DNA, the molecule carrying the genetic instructions of life, was arguably one of the most important discoveries of the last century. DNA is used in the development of all forms of known life, is composed of 4 nucleotides, and has the form of a double helix. This is a timeline of the discovery and development of DNA.
Scientists made a remarkable discovery at Trou Al’Wesse in Belgium earlier this year. Inside a cave that overlooks the Hoyoux river they found clear evidence it had been occupied by Neanderthals tens of thousands of years ago. Yet the cave contained no skull fragments, no teeth – nor any other skeletal remains of this extinct species of human being.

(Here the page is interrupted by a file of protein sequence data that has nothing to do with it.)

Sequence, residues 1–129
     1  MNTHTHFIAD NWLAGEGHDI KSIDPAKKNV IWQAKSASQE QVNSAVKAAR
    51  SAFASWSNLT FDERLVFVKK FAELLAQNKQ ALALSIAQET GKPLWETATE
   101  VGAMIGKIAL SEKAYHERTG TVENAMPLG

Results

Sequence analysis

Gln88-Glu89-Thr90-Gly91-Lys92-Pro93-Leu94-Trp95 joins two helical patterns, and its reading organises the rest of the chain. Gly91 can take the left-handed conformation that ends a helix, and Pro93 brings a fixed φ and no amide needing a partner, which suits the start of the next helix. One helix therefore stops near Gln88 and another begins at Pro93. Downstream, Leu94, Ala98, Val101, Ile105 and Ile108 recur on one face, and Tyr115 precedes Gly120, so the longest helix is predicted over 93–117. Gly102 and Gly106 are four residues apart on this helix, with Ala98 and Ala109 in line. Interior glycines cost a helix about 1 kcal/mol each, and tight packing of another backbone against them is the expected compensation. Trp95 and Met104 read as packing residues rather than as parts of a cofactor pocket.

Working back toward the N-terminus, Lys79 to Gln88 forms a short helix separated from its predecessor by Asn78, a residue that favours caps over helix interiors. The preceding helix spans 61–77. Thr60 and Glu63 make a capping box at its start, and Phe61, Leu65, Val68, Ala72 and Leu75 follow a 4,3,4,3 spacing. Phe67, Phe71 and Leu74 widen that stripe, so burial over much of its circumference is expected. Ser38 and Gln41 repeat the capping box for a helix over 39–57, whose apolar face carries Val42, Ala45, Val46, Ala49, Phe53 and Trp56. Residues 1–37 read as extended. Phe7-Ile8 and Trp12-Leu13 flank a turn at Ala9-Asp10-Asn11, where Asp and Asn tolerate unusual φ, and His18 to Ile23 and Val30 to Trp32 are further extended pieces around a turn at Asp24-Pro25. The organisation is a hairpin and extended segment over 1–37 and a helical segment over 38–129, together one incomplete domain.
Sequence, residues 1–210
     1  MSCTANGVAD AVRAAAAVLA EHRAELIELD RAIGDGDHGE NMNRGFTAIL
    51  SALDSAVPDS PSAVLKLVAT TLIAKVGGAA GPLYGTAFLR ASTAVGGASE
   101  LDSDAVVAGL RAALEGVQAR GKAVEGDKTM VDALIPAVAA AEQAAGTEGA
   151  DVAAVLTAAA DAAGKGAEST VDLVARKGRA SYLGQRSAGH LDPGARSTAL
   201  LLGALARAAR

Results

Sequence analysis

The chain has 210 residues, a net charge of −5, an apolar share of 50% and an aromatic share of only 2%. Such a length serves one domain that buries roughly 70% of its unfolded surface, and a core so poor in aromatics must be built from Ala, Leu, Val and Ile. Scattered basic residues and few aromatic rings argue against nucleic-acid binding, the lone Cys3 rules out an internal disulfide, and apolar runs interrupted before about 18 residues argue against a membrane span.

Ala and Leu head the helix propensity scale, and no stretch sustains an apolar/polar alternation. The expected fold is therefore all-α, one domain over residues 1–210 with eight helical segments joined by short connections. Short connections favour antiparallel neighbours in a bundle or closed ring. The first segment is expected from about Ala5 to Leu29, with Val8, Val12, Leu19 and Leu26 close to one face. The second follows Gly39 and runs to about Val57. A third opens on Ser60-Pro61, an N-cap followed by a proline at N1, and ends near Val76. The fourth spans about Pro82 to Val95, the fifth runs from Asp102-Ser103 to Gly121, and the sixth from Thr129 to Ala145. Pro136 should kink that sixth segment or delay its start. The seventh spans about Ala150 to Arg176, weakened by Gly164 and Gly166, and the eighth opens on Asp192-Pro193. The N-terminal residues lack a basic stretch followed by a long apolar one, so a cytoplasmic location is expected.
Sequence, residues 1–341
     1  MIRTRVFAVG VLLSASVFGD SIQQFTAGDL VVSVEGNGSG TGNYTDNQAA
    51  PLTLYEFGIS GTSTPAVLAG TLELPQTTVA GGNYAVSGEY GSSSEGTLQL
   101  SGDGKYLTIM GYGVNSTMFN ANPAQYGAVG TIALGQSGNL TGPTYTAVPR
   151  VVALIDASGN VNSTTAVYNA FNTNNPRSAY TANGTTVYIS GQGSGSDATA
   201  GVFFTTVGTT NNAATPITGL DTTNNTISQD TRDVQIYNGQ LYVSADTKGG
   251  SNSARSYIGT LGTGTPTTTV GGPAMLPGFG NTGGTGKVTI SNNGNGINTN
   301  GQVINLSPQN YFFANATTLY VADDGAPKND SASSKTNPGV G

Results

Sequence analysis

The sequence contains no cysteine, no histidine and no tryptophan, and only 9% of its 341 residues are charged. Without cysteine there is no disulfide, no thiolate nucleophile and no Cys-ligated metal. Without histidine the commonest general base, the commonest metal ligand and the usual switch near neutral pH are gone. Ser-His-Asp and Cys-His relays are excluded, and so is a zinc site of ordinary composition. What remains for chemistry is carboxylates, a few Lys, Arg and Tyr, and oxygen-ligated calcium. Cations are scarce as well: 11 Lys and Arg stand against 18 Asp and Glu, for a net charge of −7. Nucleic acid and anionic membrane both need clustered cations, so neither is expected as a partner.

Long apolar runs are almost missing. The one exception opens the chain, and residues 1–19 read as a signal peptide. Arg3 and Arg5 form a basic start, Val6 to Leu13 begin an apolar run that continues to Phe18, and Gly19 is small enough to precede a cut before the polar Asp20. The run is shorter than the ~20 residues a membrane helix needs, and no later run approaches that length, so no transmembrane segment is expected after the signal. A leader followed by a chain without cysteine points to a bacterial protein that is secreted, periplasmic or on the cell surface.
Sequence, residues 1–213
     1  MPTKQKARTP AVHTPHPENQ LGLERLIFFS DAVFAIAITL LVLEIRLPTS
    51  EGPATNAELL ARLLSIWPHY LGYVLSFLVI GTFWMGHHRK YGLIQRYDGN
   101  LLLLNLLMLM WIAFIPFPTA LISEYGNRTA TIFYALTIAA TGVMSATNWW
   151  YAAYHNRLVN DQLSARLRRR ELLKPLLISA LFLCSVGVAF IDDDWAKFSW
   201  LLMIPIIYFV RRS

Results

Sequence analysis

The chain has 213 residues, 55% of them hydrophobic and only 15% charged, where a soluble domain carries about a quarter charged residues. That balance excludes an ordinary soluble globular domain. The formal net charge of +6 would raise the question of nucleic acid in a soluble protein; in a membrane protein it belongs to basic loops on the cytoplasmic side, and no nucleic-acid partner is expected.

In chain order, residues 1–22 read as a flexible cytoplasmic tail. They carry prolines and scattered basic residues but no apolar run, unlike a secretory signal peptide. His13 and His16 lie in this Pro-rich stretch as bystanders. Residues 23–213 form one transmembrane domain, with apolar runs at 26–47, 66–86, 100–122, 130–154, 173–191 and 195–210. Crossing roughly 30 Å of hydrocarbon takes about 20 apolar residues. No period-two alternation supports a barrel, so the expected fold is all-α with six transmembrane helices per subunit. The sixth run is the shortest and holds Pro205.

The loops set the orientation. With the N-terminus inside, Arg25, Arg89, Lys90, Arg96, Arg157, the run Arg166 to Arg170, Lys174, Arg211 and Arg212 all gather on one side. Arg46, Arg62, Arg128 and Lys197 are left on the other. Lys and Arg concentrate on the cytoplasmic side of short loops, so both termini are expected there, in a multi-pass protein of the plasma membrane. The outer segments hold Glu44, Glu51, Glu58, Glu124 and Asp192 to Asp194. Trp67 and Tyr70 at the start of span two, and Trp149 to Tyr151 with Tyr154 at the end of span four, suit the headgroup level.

The team, from the Max Planck Institute for Evolutionary Anthropology in Leipzig, were sure of their ground, however. Their genetic analysis of soil samples, scraped from the cave floor, had pinpointed the presence of Neanderthals through that most definitive of biological markers: their DNA.
In other words, without digging up a bone or a molar, the team, led by geneticist Matthias Meyer, had found – merely by studying a few microscopic strands of DNA – that tens of thousands of years ago Neanderthals had sheltered at Trou Al’Wesse. It was the scientific equivalent of “extracting gold dust from the air”, as one researcher put it.
Meyer’s project is an example of the astonishing advances that have been made in studying ancient genomes. Apart from detecting the presence of Neanderthals and other ancient people at sites devoid of any other remains, researchers are also using these techniques to uncover ancient population movements, pinpoint previously unknown human species, track the evolution of human illnesses and uncover the sources of human creativity. A new window has been opened on to our past.